New patterns of establishment and growth of Picea, Abies and Betula tree species in subalpine forest gaps of Jiuzhaigou National Nature Reserve, Sichuan, southwestern China in a changing environment

Carla Bossard, Yutao Cao, Jiayuan Wang, Ashley Rose, Ya Tang

Research output: Contribution to journalArticlepeer-review


Temperature increase in the southeastern Tibetan Plateau in the past thirty years is high but its effects on tree dynamics of subalpine coniferous forests are not well understood. This study focuses on tree establishment and growth in 26 subalpine forest gaps between 2900 m and 3200 m in Jiuzhaigou National Nature Reserve, Sichuan, China. Normally Abies faxoniana and Picea purpurea dominate the canopy of subalpine forests in the reserve. Our study examined tree species establishment and growth, environmental conditions in these gaps, and the potential future changes in forest composition in the reserve. Seedlings, saplings and mature trees were counted, measured and cored to assess species’ numbers, age, and growth parameters. Root structure was also studied. Gap environmental conditions were recorded and climate changes examined. For a wide range of differently aged gaps, numerous seedlings, saplings and even mature canopy trees of Betula albo-sinensis , a deciduous broadleaf tree, were observed. B. albo-sinensis was most abundant in gaps with the following characteristics: (1) steep slopes (>30°), (2) areas with thin soil (<5 cm depth) or (3) large areas (>600 m2) with deep soil (>15 cm depth). In contrast, the site characteristics required for successful establishment of the two evergreen conifers A. faxoniana and P. purpurea are soil >9 cm deep and slopes <30°. B. albo-sinensis has shallower roots with smaller root:shoot ratio than the conifer species. Increasing temperature, declining cloud cover and increasing high rainfall incidences are increasing habitats that favor establishment and growth of B. albo-sinensis and inhibit the establishment and growth of A. faxoniana and P. purpurea in subalpine areas of Jiuzhaigou, southwestern China.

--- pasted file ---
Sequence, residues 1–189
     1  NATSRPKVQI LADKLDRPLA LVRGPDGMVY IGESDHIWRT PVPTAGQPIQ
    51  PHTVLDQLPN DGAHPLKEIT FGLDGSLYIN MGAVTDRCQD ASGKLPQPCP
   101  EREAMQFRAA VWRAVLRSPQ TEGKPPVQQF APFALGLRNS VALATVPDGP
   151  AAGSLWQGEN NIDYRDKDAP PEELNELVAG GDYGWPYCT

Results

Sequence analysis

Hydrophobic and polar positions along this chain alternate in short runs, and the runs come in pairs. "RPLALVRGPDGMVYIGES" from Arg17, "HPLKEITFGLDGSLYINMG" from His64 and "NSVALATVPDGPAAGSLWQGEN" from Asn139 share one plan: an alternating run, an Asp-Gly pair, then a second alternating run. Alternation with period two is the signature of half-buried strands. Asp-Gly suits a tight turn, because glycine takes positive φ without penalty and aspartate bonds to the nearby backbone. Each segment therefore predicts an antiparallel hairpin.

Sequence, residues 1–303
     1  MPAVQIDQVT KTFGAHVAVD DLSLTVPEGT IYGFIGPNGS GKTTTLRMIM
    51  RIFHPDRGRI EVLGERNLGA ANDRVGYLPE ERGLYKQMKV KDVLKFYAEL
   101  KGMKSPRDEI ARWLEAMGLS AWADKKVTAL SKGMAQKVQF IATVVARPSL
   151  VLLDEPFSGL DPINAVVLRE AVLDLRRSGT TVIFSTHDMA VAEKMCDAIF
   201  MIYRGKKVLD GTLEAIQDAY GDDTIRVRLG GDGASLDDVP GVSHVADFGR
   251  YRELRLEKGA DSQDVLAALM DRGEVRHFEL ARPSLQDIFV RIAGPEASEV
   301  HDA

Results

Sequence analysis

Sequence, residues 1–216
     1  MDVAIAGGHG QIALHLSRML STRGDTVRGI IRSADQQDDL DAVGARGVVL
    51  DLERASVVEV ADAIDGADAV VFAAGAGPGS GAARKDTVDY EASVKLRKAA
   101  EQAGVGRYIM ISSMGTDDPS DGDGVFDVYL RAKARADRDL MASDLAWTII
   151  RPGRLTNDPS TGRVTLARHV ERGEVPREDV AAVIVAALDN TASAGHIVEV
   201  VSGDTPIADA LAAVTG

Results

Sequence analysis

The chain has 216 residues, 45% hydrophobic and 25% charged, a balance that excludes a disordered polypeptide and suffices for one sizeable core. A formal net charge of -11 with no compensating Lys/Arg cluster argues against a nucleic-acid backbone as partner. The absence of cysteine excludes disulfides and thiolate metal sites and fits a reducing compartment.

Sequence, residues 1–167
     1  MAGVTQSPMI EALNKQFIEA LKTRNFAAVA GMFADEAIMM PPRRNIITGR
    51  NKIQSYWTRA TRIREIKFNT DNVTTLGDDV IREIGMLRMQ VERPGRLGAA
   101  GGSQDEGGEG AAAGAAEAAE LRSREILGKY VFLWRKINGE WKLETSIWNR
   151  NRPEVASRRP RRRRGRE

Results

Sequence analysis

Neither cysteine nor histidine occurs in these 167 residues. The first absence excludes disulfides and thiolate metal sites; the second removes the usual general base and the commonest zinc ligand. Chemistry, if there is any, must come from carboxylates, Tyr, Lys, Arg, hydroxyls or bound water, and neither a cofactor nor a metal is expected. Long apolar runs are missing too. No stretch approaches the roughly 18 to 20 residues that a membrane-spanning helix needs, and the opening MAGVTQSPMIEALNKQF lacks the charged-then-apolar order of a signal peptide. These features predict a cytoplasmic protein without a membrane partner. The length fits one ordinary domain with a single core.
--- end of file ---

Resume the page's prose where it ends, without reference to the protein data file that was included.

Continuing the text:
Original languageAmerican English
JournalForest Ecology and Management
StatePublished - Nov 15 2015


  • Forest ecology
  • Climate change
  • Subalpine
  • Coniferous forests
  • Tourism


  • Biology

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